‘I had a breakdown and am homeless’: the impact of NHS staff shortages

A Guardian Healthcare Network survey found that almost half of respondents (48%) said patient care had been compromised on their last shift, while only 2% felt there were always enough people to provide safe care. Below, seven healthcare professionals explore how staff shortages in the health service affect them and their jobs.

Student nurse: I have been used to cover for registered staff

I am a student nurse and am often used to make up for a shortfall in support staff. This compromises my education and therefore the safety of my future patients. I was even used as cover for a registered staff member on one occasion, although this was an exceptional circumstance. The main issue, and I hear it from other students too, is being used as a support worker and even asked to sacrifice learning opportunities in order to push beds/wheelchairs, do clerical work, collect and deliver parcels.


Low numbers of nurses​ mean more pressure is put on patients’ families to provide ​basic ​​care

Paramedic: I see families wait hours before an ambulance arrives

Patients frequently wait an unacceptably long time because there are insufficient ambulances to meet demand. I regularly work on a rapid response vehicle and attend incidents where I have to hold the fort because no ambulance is available. This is stressful for me, for the dispatcher who sends me, and for the patient and their family who sometimes have to wait hours before an ambulance arrives.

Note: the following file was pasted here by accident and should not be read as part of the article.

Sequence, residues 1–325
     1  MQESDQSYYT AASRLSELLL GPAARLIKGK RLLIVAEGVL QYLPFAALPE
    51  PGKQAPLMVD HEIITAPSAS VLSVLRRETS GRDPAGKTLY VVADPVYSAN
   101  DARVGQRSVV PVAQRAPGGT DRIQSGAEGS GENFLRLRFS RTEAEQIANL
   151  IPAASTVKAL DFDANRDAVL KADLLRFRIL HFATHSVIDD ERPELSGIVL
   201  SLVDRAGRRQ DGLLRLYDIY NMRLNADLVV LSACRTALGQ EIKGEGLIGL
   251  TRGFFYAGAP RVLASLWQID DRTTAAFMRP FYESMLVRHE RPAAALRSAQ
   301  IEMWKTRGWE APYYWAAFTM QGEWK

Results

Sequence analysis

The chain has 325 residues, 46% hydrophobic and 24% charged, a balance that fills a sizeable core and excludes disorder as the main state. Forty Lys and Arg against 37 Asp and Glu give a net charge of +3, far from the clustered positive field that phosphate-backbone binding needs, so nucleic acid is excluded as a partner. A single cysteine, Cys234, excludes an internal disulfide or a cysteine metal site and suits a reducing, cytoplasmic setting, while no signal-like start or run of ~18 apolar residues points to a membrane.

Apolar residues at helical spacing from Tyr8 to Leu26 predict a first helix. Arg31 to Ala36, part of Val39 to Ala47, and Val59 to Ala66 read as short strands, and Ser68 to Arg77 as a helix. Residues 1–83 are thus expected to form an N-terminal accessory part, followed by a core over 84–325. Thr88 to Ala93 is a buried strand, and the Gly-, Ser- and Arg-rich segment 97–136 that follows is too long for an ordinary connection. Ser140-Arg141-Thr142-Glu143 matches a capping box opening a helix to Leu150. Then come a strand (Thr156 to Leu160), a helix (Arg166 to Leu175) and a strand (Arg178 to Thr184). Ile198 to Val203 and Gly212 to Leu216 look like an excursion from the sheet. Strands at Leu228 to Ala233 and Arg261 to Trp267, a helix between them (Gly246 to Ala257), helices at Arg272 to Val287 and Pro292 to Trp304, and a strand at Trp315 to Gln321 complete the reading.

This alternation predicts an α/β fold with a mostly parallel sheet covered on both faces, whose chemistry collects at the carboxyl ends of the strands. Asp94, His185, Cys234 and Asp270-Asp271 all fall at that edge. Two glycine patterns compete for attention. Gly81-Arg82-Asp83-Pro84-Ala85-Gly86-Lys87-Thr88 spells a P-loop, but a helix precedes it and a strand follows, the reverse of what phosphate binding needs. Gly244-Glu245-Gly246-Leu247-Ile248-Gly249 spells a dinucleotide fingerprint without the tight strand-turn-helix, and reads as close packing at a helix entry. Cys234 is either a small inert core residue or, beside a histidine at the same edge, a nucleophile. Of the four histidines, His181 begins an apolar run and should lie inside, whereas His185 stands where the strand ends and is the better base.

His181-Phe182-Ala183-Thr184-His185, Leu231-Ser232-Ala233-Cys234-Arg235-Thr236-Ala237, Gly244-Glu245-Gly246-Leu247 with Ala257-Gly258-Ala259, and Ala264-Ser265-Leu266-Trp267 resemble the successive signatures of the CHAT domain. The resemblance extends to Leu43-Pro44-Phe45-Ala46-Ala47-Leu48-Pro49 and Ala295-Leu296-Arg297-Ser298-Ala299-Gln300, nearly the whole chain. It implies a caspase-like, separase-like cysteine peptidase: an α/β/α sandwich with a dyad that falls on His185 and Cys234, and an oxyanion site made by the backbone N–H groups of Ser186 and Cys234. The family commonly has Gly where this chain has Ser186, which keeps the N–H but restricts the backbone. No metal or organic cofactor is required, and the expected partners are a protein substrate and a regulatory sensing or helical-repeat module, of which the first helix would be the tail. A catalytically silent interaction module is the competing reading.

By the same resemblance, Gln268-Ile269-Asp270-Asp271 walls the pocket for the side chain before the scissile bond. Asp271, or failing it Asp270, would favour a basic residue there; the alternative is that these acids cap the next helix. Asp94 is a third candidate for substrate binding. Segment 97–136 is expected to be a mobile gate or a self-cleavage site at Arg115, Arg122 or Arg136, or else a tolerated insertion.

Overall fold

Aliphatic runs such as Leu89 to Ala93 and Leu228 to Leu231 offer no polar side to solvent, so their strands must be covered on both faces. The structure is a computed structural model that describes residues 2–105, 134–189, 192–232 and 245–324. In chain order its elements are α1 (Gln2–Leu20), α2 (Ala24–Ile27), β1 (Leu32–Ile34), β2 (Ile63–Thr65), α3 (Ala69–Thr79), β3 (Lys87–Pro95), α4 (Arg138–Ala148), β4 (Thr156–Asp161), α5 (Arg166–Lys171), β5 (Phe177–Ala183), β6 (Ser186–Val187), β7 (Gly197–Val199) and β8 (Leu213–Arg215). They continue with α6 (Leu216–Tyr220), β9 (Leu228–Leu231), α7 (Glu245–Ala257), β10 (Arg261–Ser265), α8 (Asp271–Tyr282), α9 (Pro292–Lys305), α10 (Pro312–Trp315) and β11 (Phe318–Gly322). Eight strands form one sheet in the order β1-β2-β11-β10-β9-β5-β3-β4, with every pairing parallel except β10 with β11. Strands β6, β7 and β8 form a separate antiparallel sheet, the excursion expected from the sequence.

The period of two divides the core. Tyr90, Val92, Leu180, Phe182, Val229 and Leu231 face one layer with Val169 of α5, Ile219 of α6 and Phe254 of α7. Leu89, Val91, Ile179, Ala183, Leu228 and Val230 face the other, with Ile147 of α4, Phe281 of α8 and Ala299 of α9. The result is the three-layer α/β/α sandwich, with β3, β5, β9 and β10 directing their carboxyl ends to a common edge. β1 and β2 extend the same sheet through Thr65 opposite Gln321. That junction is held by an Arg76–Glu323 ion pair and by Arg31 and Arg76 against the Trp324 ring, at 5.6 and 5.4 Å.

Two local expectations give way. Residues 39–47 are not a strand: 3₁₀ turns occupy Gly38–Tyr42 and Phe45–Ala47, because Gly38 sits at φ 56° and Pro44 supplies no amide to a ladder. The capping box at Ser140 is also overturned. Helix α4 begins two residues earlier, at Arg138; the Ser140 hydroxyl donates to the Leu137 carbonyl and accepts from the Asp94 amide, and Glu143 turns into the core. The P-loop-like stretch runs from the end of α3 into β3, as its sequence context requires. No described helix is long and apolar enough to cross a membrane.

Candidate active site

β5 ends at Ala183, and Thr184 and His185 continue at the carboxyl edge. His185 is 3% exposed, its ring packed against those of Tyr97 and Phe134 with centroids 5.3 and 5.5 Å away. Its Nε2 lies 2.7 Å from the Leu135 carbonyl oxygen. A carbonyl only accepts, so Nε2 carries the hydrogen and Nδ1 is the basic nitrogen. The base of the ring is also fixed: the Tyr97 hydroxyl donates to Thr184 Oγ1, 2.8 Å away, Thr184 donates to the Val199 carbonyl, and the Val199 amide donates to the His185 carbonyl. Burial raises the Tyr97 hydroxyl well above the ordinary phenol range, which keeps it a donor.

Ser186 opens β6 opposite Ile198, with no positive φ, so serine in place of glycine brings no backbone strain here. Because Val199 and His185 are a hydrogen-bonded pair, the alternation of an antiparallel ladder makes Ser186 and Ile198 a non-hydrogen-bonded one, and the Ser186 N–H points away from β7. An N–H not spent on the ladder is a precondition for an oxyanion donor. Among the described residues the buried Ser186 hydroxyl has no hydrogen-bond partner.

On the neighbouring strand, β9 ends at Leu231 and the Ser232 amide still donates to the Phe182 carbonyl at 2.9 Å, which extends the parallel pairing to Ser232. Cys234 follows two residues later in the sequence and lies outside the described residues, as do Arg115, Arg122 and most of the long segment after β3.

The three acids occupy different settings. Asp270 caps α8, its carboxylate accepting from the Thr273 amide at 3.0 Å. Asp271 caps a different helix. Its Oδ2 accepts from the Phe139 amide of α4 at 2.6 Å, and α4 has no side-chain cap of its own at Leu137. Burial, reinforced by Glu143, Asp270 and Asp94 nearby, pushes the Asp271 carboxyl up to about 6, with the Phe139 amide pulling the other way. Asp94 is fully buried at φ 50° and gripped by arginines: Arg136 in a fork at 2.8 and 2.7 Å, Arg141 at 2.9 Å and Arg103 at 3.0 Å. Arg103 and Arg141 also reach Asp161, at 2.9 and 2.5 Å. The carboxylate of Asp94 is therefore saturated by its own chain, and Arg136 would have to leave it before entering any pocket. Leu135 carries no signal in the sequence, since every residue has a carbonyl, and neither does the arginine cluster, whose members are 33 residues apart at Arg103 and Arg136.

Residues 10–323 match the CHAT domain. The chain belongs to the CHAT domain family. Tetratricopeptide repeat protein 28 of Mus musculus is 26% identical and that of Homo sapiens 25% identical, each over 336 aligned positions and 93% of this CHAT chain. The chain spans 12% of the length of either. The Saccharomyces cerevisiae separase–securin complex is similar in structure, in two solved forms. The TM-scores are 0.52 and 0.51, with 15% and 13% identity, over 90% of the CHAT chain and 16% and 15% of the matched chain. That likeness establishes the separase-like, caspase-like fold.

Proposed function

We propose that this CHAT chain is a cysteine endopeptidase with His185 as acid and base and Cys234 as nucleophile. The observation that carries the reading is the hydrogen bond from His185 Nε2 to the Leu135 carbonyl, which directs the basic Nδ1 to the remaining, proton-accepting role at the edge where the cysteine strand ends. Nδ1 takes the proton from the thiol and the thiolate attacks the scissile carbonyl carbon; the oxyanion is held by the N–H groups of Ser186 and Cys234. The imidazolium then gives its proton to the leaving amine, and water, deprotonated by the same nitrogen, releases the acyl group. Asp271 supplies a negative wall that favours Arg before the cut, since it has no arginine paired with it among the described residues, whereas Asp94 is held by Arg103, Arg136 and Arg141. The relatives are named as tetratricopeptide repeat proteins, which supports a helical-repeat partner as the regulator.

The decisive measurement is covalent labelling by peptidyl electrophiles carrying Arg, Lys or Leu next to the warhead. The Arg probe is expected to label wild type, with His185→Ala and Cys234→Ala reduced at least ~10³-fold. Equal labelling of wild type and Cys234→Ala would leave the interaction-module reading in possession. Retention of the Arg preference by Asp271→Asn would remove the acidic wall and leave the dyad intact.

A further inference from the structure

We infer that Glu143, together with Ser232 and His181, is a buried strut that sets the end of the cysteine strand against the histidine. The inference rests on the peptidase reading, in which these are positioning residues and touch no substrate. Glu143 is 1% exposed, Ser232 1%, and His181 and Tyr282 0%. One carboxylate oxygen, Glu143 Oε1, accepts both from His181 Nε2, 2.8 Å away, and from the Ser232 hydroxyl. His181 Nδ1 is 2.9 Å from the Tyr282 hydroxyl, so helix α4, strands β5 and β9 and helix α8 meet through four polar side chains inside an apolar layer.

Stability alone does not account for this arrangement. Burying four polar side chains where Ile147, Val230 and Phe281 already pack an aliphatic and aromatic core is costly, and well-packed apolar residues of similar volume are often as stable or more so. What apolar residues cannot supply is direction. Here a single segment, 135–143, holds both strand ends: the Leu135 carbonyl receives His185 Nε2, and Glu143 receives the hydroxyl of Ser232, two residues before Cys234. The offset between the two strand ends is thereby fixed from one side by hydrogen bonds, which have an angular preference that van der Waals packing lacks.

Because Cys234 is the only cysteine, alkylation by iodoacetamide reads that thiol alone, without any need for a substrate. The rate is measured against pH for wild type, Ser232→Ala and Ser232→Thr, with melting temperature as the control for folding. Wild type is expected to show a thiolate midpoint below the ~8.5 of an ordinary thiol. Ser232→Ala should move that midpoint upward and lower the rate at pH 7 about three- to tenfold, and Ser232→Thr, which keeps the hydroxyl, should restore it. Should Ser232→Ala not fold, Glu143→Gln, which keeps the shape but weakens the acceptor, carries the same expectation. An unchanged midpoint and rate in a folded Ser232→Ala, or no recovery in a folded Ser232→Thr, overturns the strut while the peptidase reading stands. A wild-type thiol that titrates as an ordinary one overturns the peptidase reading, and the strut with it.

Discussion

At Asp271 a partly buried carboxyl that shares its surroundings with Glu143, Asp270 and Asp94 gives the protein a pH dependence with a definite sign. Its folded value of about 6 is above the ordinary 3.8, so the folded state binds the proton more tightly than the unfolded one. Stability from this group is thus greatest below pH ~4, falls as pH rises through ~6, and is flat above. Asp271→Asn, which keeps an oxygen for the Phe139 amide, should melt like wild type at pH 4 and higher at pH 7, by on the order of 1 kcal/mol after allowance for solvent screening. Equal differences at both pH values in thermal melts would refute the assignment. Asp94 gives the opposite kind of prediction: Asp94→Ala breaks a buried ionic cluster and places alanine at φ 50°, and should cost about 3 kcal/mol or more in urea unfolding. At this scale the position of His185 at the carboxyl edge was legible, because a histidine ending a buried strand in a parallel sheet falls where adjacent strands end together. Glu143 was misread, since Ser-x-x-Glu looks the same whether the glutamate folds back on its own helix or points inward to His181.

Consultant: Patients’ families are having to provide basic care

Shifts are left unfilled, meaning other doctors cover more than one person’s role or, worse, act up in a role they are not fully trained to do. Patients are being reviewed by staff with less training. Low numbers of nurses mean more pressure is put on patients’ families to provide basic care – and few nurses are available to accompany doctors on ward rounds, meaning that they are not always aware of changes to patient care. Discharges can be delayed as there are fewer people to complete the paperwork – and beds cannot be freed for the next admission.

Allied health professional: I had a breakdown and resigned. I’m now homeless

I was working in a team of clinic-based and outreach therapists at a hospice. My job consisted of a large caseload at a junior level. Then everyone above me either left or went on long-term sick leave. I was left with no one but HR and the trustees to answer to – all other clinical heads of department were in the same crisis, or worse. I was told by HR to “hold the fort” and attempt to get guidance from my line manager, who was had been off for some time.

As time passed I could tell there were fundamental breaches of Care Quality Commission standards with regards to annual training and staff development. I repeatedly asked for help, but got no reply. Another therapist on the team made a complaint about my managerial incompetence. I was called in for a meeting soon after a member of my family was diagnosed with terminal cancer. I had a breakdown and resigned. I’m now homeless, sleeping on my parents’ sofa.